Cal Poly has announced plans to build up to 420 condo-style apartments to provide affordable housing for faculty and staff in a southeastern corner of the campus near the Grand Avenue entrance.
The project is designed to help recruit and retain employees faced with the high cost of housing in the San Luis Obispo area, Cal Poly President Jeffrey Armstrong said.
“We need housing that our workforce can afford, that’s within walking distance of campus,” he said during a meeting with the Tribune editorial board Wednesday. “It’s a recruitment issue.”
The development would be a partnership between the university and a private developer, built on 15 acres across from the Student Housing South dormitory being built at the corner of Slack Street and Grand Avenue.
Armstrong said the proposal is for a developer to build the project, with a density of 24 to 28 units per acre, and enter into a lease agreement with the university for the land that would generate revenue for Cal Poly.
The size and number of bedrooms in each unit is yet to be determined and would be decided, in part, through talks with focus groups. Cal Poly employees’ salary range, now from $1,989 to $12,552 monthly for full-time equivalent employees, will help determine the rental costs of the proposed new housing.
The apartments would be made available to non-Cal Poly employees if there wasn’t enough demand by faculty and staff, Armstrong said.
“I would love to see them open by 2019, but that may be ambitious,” he said.
The concept is in the early stages and must go through a significant planning process with the California State University Board of Trustees, including an approval to open the bidding process to partner with a developer. That request for approval to open the bidding could come as soon as the next couple of months.
“We will be providing nice, condo-style apartments open to workforce families and employees within walking distance of campus,” Armstrong said. “The demand is there. ... We’ll potentially be taking 400 or so cars off the streets because people won’t have to drive to work. Tenants will be within close range of the university’s child care center.”
“This will provide a buffer between the campus and the residential neighborhood,” Armstrong said.
Cal Poly officials met with city and county officials earlier this week to discuss their proposal.
County Supervisors Adam Hill and Debbie Arnold, San Luis Obispo Vice Mayor Dan Carpenter and San Luis Obispo Councilman Dan Rivoire are supporting the project proposal.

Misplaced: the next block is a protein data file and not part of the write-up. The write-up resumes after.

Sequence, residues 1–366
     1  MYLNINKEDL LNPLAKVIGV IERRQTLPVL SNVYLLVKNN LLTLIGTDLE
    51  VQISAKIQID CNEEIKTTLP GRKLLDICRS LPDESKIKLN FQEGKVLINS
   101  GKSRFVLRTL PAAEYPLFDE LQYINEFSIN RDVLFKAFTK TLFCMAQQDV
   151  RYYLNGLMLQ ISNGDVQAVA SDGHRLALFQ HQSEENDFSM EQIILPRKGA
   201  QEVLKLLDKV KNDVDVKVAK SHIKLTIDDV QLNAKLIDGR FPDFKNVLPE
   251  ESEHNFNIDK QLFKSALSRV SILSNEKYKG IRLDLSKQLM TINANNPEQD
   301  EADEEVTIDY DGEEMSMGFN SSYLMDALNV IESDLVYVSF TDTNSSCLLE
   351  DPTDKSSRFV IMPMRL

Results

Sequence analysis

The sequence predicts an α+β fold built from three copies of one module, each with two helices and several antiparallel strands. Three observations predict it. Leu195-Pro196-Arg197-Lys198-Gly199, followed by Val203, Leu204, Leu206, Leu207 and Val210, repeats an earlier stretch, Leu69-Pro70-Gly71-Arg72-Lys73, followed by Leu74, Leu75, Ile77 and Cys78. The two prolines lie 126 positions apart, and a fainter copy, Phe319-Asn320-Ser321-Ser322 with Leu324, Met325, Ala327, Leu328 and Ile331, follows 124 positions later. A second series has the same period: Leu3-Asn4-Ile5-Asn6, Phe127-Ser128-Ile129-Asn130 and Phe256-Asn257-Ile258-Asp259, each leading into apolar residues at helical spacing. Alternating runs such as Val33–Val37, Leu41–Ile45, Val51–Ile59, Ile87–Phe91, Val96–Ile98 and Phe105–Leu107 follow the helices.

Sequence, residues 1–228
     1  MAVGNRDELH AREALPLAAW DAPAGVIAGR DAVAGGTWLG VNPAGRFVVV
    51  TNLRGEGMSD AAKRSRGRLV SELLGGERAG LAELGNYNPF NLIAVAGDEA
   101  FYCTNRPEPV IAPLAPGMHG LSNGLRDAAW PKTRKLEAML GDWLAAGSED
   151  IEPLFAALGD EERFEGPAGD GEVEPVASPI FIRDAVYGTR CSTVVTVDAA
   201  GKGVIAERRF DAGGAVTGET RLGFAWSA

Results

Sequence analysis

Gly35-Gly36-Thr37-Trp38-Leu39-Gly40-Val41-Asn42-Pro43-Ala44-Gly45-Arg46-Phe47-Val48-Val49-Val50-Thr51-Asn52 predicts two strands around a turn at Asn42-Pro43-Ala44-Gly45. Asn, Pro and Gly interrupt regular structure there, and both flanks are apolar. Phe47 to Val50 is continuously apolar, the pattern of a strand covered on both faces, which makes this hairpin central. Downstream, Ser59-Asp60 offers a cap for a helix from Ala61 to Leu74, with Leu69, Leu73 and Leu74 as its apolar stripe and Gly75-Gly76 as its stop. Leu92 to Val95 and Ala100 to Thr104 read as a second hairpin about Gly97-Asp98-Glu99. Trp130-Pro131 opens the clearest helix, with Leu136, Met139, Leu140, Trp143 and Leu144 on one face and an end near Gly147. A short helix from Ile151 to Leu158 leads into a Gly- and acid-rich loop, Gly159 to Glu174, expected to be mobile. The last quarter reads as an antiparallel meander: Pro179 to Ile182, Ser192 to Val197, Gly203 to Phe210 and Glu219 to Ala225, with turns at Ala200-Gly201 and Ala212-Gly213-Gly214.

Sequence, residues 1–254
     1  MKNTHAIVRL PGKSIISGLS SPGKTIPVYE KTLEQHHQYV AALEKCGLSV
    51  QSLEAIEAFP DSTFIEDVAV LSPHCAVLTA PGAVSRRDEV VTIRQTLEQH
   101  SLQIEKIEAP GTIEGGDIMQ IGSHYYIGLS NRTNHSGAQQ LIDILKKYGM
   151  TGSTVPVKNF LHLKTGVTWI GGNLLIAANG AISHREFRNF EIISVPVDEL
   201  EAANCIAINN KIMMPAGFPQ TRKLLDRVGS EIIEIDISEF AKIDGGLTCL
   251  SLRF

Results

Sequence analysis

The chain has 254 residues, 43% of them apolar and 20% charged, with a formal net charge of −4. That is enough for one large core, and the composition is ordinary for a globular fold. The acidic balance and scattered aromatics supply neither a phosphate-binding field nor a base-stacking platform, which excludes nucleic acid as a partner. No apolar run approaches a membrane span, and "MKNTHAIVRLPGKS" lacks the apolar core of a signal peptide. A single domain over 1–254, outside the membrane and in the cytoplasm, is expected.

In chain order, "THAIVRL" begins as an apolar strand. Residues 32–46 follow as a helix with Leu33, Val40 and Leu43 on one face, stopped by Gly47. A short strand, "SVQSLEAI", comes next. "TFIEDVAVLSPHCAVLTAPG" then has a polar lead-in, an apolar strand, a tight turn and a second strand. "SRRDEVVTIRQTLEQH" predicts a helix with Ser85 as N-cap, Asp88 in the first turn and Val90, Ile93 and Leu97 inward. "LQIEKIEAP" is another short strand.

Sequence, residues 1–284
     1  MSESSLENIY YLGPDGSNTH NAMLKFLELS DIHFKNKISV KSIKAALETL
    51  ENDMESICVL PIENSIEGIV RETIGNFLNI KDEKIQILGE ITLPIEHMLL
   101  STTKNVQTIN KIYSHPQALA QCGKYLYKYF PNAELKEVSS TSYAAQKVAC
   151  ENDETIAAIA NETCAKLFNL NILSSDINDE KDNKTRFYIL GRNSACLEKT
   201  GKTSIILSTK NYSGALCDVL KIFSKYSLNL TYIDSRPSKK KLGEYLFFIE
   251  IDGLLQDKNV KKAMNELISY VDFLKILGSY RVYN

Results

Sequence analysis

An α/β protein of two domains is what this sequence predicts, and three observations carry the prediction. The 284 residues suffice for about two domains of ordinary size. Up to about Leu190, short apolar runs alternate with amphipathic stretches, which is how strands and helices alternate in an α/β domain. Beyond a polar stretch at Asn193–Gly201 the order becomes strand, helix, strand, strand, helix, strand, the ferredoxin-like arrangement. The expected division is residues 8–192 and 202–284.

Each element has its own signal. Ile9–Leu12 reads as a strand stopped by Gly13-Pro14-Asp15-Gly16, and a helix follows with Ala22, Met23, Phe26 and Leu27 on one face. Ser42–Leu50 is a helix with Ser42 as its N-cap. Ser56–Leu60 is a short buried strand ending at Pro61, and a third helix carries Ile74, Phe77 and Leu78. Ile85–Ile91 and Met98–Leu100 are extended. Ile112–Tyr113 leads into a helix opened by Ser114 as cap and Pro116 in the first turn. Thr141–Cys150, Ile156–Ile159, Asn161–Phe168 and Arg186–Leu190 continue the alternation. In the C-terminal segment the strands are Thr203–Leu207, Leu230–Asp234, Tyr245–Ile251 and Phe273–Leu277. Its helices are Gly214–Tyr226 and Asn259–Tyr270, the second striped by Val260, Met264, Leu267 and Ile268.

“A workforce housing development on Cal Poly land would accelerate progress toward more available housing in our community,” Carpenter said. “San Luis Obispo’s housing issue is complex and will take years to solve, but this project would make an immediate impact and provide much-needed housing for Cal Poly employees.”
San Luis Obispo Councilman John Ashbaugh, however, disagrees with Cal Poly’s approach. Ashbaugh said he believes more student housing should be built on campus and attempts should be made to direct purchases of more owner-occupied homes to new Cal Poly staff and faculty in city neighborhoods to add a “healthy mix of people of all ages.”
“I don’t believe that the proposal to build these new high-density apartments on the Cal Poly campus for faculty and staff is worthy of the city’s support,” Ashbaugh wrote in an email.
Armstrong said the university hopes to establish programs that offer incentives to Cal Poly staff for home purchases, possibly through help with a down payment on a low-interest loan. No university funding is available now for such a plan.
Armstrong said the university also envisions a public-private partnership for a new student dorm project to be built on the eastern side of campus, north of existing university housing. But the university’s plans to pursue that project aren’t ready yet.
Other CSU campuses with some form of public-private partnership development include Fresno, San Marcos, Channel Islands, Northridge, Bakersfield and Fullerton.
Armstrong pointed to the De Tolosa Ranch development off Los Osos Valley Road in San Luis Obispo as the style of homes he envisions for the faculty and staff apartments. Cal Poly can’t provide rental subsidies because it would be a special benefit to only a select group of employees, he said, so the rents would be kept affordable by the developer keeping construction costs down.
“They are intended for people who want to live closer to campus but can’t afford to do that,” Armstrong said.
Enrollment is expected to “remain steady” at just less than 21,000 for the “next few years,” he added, so the housing is aimed at meeting the needs of existing staff.
Armstrong said Cal Poly likely won’t pursue any development that offers home ownership, such as the 69-unit Bella Montaña project completed in 2007 at the corner of Highland Drive and Highway 1.
The university built those homes for sale to faculty and staff but the project faced difficulties with occupancy because of the recession and restrictions on how much a homeowner could resell the property for.
Armstrong said he hopes the Cal Poly Master Plan, which sets out a comprehensive plan for development on the campus, will be approved by CSU trustees in May 2017.